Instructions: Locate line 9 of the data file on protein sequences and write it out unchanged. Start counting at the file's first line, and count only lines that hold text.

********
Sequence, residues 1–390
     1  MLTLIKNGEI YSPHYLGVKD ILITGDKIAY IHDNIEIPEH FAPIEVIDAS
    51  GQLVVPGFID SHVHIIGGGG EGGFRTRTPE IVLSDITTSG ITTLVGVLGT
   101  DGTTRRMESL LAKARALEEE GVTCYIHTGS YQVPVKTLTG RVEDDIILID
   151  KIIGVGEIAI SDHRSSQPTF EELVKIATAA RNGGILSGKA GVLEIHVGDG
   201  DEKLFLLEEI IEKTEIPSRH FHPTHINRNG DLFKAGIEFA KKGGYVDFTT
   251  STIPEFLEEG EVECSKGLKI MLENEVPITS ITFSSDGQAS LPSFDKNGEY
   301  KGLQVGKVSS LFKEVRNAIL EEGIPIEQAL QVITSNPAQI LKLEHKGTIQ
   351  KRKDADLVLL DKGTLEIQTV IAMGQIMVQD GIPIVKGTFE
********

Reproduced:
   351  KRKDADLVLL DKGTLEIQTV IAMGQIMVQD GIPIVKGTFE